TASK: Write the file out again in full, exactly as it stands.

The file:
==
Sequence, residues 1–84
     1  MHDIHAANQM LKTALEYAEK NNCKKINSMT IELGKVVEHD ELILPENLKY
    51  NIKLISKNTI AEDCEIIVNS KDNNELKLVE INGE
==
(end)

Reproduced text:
Sequence, residues 1–84
     1  MHDIHAANQM LKTALEYAEK NNCKKINSMT IELGKVVEHD ELILPENLKY
    51  NIKLISKNTI AEDCEIIVNS KDNNELKLVE INGE